How To Make Sure Your Personal Branding Internet Credibility Is Where It Should Be

We’ve all been there: we meet someone who says they’ve experienced monumental success and have a strong personal brand, so we consider working with them… only to realize from a Google search that they aren’t all they said they would be. They’ve exaggerated social influence, don’t have the press, or worse: you find bad press on them. That’s the blessing and the curse of the internet. You find everything you need to find.

However, this doesn’t always mean a Google search reflects the whole picture of who someone is. Google search yourself, for example. Can someone’s cursory glance of the search results really give them an accurate perception of your talents, skill sets, and accolades? Personal branding is as much about credibility from a glimpse as it is about building trust with a consistent audience. Here are some must-knows to ensure your personal branding internet credibility is where it should be.

1. Make Sure Your Website Is Up To Date

Have you ever looked at someone’s website, only to find that the content was terribly out of date? Maybe it was marketing an event that had long since been over, or didn’t have a single mention of their latest ventures or programming. Even if you’ve shared these updates at length across your social media pages, it’s critical to strive for consistency across everything that has your name on it.

As Shannon McNamara shared in a Medium article, “Your website is the poster child for your company. It is typically the first place your customers will visit to get an insight into your company and the services you can provide for them. In this case, it is extremely important to keep your website up-to-date and focus on the content that you are producing for your website.”

2. Be Aware Of What Potential Customers, Investors, Or Clients Could Find On You

It isn’t necessarily that you have anything to hide — but it’s always a good idea to have an advanced understanding of what a deep internet search could yield when you’re building a personal brand. Much of this you can do on your own, by ‘internet stalking’ yourself just as you would someone else if you were going to invest in their services. Some services, like Unmask, help you dig a little deeper (just in case these clients have background check tools that you don’t).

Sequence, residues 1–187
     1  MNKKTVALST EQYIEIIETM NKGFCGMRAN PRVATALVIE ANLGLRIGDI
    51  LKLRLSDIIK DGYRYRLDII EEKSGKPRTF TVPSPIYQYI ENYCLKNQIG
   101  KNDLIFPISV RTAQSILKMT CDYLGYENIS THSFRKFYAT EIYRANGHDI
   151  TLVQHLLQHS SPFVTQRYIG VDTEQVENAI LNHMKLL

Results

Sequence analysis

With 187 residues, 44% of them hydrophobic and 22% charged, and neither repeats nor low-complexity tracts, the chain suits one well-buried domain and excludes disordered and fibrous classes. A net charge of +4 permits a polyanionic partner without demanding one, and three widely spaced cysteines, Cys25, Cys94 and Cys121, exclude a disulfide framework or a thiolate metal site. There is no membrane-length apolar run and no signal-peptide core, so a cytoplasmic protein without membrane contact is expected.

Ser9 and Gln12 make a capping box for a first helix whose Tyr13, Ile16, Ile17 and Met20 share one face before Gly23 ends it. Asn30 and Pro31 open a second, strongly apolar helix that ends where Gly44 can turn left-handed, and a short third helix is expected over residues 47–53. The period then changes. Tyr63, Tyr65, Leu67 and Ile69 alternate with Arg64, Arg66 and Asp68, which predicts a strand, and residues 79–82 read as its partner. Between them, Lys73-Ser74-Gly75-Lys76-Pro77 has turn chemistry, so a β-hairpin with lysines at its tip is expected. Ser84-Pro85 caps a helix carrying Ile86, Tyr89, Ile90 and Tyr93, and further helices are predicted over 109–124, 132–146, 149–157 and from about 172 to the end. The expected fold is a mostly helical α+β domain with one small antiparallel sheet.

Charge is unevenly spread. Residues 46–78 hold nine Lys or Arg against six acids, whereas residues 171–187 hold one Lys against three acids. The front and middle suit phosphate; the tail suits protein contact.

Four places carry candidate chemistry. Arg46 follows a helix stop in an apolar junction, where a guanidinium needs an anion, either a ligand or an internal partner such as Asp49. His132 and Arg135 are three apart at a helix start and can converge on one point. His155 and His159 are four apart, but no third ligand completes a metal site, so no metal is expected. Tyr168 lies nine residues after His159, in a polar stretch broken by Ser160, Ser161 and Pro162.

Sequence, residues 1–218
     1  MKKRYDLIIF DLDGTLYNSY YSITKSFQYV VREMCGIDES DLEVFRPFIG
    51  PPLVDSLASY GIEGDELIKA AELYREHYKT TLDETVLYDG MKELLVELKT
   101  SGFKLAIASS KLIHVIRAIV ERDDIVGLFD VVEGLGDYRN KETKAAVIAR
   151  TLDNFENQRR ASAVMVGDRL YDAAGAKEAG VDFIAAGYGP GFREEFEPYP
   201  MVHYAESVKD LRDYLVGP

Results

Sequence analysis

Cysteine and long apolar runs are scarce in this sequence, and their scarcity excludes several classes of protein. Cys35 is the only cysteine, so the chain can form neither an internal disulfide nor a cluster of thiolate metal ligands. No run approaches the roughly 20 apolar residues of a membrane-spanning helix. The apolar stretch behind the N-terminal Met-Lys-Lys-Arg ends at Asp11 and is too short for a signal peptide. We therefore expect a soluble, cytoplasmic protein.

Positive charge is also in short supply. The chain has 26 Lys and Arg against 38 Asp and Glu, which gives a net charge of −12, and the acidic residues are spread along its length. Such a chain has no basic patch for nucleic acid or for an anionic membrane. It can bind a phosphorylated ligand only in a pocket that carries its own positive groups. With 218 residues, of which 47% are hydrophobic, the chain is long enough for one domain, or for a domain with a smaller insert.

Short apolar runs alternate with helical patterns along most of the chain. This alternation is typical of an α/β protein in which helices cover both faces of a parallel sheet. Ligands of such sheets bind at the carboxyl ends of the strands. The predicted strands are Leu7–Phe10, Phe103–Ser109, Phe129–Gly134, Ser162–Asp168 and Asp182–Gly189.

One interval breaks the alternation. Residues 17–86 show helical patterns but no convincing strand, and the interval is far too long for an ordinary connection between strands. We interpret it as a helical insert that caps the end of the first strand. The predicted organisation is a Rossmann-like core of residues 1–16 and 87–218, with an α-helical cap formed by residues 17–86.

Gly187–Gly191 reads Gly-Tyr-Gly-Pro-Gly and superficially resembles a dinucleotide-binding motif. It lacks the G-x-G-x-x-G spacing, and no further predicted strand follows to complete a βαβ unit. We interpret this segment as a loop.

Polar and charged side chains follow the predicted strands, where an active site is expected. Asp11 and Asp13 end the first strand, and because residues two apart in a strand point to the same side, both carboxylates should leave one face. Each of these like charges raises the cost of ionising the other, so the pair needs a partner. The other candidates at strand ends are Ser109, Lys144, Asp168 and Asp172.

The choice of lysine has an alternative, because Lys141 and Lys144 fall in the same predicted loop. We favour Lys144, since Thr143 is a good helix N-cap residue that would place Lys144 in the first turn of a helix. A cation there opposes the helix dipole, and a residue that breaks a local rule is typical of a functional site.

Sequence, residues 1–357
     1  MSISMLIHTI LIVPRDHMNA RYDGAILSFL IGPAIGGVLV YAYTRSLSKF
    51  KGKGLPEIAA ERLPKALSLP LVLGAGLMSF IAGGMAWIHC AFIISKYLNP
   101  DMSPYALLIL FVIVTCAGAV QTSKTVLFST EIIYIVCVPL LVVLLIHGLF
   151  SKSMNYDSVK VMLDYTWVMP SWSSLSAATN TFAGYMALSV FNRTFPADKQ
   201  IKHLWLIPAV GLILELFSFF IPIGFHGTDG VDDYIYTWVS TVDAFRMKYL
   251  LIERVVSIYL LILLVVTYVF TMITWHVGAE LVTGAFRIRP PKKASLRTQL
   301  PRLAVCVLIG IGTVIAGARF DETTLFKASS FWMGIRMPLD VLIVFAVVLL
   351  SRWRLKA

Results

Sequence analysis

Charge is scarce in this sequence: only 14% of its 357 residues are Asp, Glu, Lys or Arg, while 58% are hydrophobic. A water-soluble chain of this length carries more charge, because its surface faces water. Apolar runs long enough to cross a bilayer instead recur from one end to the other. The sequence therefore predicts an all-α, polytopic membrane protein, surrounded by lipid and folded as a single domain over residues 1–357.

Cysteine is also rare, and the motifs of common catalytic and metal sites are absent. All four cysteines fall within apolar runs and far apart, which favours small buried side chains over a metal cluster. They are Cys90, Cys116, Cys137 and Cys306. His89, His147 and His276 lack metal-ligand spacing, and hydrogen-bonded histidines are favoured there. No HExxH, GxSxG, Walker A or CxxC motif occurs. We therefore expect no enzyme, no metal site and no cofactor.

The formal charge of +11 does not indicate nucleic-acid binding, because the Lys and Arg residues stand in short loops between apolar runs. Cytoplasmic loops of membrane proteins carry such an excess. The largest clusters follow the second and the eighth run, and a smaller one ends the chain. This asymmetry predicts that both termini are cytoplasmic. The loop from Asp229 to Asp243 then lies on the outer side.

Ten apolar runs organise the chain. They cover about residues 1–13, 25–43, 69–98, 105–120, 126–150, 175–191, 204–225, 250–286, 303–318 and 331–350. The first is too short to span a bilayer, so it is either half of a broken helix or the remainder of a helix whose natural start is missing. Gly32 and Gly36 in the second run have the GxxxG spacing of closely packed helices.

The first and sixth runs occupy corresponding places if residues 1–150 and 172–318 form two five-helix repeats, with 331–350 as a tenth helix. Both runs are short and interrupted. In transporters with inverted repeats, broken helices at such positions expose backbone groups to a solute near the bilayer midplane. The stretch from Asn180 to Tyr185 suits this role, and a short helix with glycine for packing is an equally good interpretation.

This may seem extreme, but the truth is, if someone is going to take a bet on you (either by offering you an opportunity, investing in your services, partnering with you, or otherwise), they like to have peace of mind. Knowing what’s out there – and, correcting wrong information if needed – is critical.

3. Share Honest And Real Testimonials

Credibility goes beyond what you can say about yourself. Anyone can claim to change your life or take your business to seven figures. So, it’s not so easy for clients to just ‘take your word for it.’ The best anecdote for this is real testimonials from those you’ve worked with before. And, resist the urge to edit these testimonials or completely scrap the ones that aren’t glowing. It sounds backwards, but reviews that could be perceived as ‘negative’ actually help your business by helping your credibility. It shows that there are real people using your services who have real feedback for you, which is only natural.

In fact, Neil Patel says that your business needs more negative reviews, and that they have the power to improve your conversion rates. Assess the reviews on your website. Do they seem ‘too good to be true’? Another way to approach this is to ask clients to make video testimonials on your behalf, so prospective clients know that real people have worked with you and achieved real results.

4. Comment Filtering

Internet credibility can also be thought of as internet reputation management. If you’re a content creator on social media platforms – especially those with the tendency to go viral – consider adding comment filters or even having a comment ‘manager’ (hint: it can be just a friend) go through to make sure your platform is a place for positivity. Arguments in the comments, slurs, bad language, or even harsh criticism has no place on your platform, and can actually sway how others view you.

Think of it this way: we all love a good herd mentality and jumping on the bandwagon with what others think and feel, even though we also have the ability to be objective and make decisions for ourselves. So, when we see someone’s content and then read their comments, we tend to let others’ perception of the content color our perception of it. If someone says the content was incredible, it might give us a second look. But if it’s sparking heated disagreement or people are insulting the creator, it also might give us a second look…in the wrong way.

Ultimately, building personal brand internet credibility is about owning your reputation, creating your narrative, and ensuring consistency for unbreakable client trust.

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